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Belgium, 12th century
The Romanesque style is called that because it is a little like Roman architecture, but it is made around 1000-1200 AD instead of during the Roman Empire.
Between the time of Charlemagne (about 800 AD) and the beginning of Romanesque two hundred years later, people had built practically no big new buildings. Everybody was too busy fighting each other and trying to get enough to eat, and they were too poor to build anything fancy. But by about 975, things were beginning to settle down, and by 1000 kings and queens like William the Conqueror were beginning to order important, stone buildings again, like St. Germain des Pres in Paris.
Mostly castles and churches are built in the Romanesque style. You can see Romanesque buildings all over France, England, Italy, Germany and in Northern Spain.
Caen - Abbaye aux Dames (the Women’s Abbey)
Some examples of Romanesque buildings are the Women’s Abbey and the Men’s Abbey in Caen, France. Both built around 1050 AD. Just a little later, you have the cathedral and baptistery of Pisa, Italy built about 1060 and 1150 AD, the church of St. Sernin in Toulouse (1080 AD), and the baptistery of Florence, Italy, built around 1100 AD.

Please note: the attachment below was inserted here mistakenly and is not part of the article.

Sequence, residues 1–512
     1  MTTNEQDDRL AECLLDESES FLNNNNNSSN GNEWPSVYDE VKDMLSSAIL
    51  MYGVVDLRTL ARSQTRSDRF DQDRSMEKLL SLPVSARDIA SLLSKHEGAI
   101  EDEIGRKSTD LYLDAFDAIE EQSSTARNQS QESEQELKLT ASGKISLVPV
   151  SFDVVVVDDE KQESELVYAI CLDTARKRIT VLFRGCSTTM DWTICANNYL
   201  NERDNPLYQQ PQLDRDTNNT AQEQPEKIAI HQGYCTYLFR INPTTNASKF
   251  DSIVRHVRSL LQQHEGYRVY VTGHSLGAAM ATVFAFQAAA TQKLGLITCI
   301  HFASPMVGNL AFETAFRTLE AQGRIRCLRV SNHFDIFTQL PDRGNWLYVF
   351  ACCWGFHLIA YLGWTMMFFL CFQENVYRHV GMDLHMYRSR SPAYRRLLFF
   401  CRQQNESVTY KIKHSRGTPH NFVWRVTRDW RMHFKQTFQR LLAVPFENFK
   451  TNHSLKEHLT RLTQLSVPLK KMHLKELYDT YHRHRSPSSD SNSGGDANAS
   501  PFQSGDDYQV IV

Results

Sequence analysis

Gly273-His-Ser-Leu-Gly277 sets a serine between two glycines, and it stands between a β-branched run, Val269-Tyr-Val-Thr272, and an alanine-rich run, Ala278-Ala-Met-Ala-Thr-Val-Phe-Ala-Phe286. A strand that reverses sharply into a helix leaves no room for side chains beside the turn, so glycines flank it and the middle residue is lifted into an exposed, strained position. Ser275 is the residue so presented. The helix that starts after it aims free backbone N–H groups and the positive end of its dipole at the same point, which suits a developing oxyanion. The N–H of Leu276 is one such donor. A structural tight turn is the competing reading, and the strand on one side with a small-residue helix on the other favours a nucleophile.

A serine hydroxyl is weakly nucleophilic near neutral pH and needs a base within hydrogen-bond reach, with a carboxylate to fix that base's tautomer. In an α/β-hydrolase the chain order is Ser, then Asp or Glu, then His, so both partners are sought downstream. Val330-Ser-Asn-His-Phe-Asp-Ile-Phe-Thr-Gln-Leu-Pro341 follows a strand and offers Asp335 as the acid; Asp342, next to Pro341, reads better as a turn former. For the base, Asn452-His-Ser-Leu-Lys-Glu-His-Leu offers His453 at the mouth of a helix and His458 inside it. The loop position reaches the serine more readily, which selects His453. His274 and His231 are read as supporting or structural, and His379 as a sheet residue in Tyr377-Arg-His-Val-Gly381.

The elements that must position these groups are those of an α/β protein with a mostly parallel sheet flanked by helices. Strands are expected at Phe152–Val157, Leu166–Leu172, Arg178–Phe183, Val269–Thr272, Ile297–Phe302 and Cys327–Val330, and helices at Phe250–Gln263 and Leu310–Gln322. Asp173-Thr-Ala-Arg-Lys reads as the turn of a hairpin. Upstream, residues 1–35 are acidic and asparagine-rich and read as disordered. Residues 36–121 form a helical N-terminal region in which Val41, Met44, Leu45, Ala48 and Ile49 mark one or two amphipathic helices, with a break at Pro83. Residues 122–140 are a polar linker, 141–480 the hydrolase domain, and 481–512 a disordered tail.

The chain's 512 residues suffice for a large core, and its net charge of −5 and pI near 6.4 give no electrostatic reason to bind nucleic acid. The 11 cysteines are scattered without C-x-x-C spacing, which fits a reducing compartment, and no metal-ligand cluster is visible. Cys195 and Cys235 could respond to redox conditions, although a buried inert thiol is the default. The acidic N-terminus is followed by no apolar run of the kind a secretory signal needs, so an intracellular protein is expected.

Caen - Abbaye aux Hommes (the Men’s Abbey)
Romanesque buildings were made of stone, but often had wooden roofs because people were still not very good at building stone roofs yet. If they did have stone roofs, the walls had to be very thick in order to hold up the roofs, and there couldn’t be very many windows either, so Romanesque buildings were often very heavy and dark inside.
They had round arches, like Roman buildings and decorated column capitals like the Romans too, only Romanesque capitals have carvings of people or animals on them instead of plants. After the Romanesque period in architecture, around 1200 AD, most people in Western Europe began to build Christian churches, palaces and cathedrals in Gothic style. The easiest difference to see between the two styles is that while Romanesque churches have round arches, Gothic churches have pointed arches.
But there are a lot of other differences as well. Gothic buildings have many more windows and much bigger windows and so they are not dark like Romanesque buildings.